Environmental Equity and Urban Forests

Environmental Equity and Urban Forests

The field of environmental justice is concerned with inequitable exposure to environmental harm and equitable access to environmental goods. Exposure and access is often studied with respect to race, ethnicity, and income. Urban forests provide many benefits to urban residents that live and work among them, but if residents have unequal access to urban forests, then they have unequal access to the benefits they provide. If inequity persists over time, over an array of public goods and services, inequity accrues and manifests in significant effects on health and well-being.

Sarah Mincey, BUFRG co-lead, was awarded an internal grant in January 2021 through IU's Racial Justice Research Fund for the project Access to Sustainable Urban Tree Benefits: A Statewide Assessment of Racial Equity and Urban Forest Ecosystem Services. This effort will investigate race-based inequity with respect to access to quality and quantity of urban forests throughout the state of Indiana. Work for the project has begun and is interdisciplinary, involving co-PIs Heather Reynolds (Biology) and Dana Habeeb (SICE) and collaborators Jeff Wilson (IUPUI Geography) and Sam Hamlin (Biology postdoctoral fellow). Also contributing to the project will be BUFRG collaborators Stephanie Freeman-Day, Hannah Gregory, and Clint McGill.

BUFRG researchers Donovan Moxley and Burney Fischer recently published a paper Exploring the ecological legacy of redlining maps used by the Home Owners' Loan Corporation in Indianapolis: 80 years later. In this project, they investigate the relationship between historic redlining status and greater presence of undesirable ecological factors such as nearby brownfields, Superfund sites, and interstate highways, but also a lower percentage of tree canopy cover. A future BUFRG project will entail doing a similar analysis of the other formerly redlined Indiana cities- Fort Wayne, Gary, Muncie, Terre Haute, Evansville, and South Bend.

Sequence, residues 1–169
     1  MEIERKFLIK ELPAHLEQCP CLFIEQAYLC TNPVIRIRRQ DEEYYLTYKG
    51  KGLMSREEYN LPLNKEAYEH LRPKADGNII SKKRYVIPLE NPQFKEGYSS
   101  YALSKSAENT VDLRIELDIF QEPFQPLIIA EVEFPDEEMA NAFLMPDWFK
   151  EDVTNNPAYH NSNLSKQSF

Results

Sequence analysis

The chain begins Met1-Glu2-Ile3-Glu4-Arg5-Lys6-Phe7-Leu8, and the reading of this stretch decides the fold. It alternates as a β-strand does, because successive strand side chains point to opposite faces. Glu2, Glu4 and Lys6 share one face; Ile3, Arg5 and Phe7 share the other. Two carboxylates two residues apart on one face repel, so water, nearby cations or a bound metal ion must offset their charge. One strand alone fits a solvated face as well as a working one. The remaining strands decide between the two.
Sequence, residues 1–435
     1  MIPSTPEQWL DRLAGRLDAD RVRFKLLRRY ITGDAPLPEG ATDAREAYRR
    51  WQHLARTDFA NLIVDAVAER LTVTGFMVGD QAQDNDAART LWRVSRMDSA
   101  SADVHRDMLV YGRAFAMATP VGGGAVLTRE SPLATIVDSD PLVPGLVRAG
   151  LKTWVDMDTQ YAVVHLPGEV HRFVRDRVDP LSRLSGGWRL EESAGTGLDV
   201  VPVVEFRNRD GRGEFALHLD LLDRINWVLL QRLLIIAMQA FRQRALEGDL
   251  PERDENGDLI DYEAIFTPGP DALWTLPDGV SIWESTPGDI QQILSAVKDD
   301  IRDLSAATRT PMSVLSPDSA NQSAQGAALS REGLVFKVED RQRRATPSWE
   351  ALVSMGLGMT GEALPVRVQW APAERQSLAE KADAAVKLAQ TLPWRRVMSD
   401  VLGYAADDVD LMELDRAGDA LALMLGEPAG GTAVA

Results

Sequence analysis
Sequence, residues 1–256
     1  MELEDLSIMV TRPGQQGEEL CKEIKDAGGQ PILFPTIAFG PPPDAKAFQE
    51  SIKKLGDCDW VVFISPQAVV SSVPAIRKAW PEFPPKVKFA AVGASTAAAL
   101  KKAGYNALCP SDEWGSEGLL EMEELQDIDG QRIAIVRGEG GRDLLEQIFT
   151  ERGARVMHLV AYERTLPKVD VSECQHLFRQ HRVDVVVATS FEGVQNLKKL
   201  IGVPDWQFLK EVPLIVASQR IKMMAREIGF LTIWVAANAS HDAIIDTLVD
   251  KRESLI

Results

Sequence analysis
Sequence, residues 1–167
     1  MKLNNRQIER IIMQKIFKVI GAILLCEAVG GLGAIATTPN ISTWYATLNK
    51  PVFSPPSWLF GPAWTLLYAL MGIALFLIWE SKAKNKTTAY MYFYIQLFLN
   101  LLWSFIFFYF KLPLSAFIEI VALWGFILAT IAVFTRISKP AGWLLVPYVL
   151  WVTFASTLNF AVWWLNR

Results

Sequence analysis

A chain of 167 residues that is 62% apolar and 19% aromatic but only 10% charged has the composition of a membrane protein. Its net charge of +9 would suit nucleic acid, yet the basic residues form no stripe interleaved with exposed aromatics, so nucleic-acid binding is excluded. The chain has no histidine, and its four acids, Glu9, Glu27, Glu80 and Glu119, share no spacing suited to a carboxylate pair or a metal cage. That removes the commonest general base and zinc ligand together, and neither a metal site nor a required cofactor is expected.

Two completed projects led by former BUFRG researcher Shannon Lea Watkins examined environmental equity in the urban forest both by studying the distribution of the urban forest (see The relationship between urban forest and income: A meta-analysis (Gerrish and Watkins) and The relationship between urban forest and race: A meta-analysis (Watkins and Gerrish) and drivers of that distribution (Is Planting Equitable?: An Examination of the Spatial Distribution of Nonprofit Urban Tree Planting Programs by Canopy Cover, Income, Race, and Ethnicity (Watkins et al.)).


Many scholars have examined the distribution of urban forests to determine whether they are equitably distributed throughout cities and results differ across studies. Shannon and fellow SPEA PhD graduate Ed Gerrish have conducted a meta-analysis of previous studies using the following methodology:

  1. We employ a systematic literature search to identify original studies which examine this relationship
  2. We code all acceptable studies
  3. We estimate the average relationship across studies between urban forest cover and (i) race and (ii) income, and
  4. We identify some of the drivers of variation in the distribution of urban forest cover between studies.

This research process has resulted in the recent publications of two papers, "The relationship between urban forests and income: a meta-analysis" and "The relationship between urban forests and race: a meta-analysis".

Is Planting Equitable?

While there is a wealth of research about the distribution of the urban forest, few studies have considered the distributional impacts of current urban forestry activities (e.g. tree planting, tree maintenance).

In our recently published paper, "Is planting equitable? An examination of the spatial distribution of nonprofit urban tree-planting programs by canopy cover, income, race, and ethnicity", we examine the distribution of tree planting locations of our NUCFAC partners.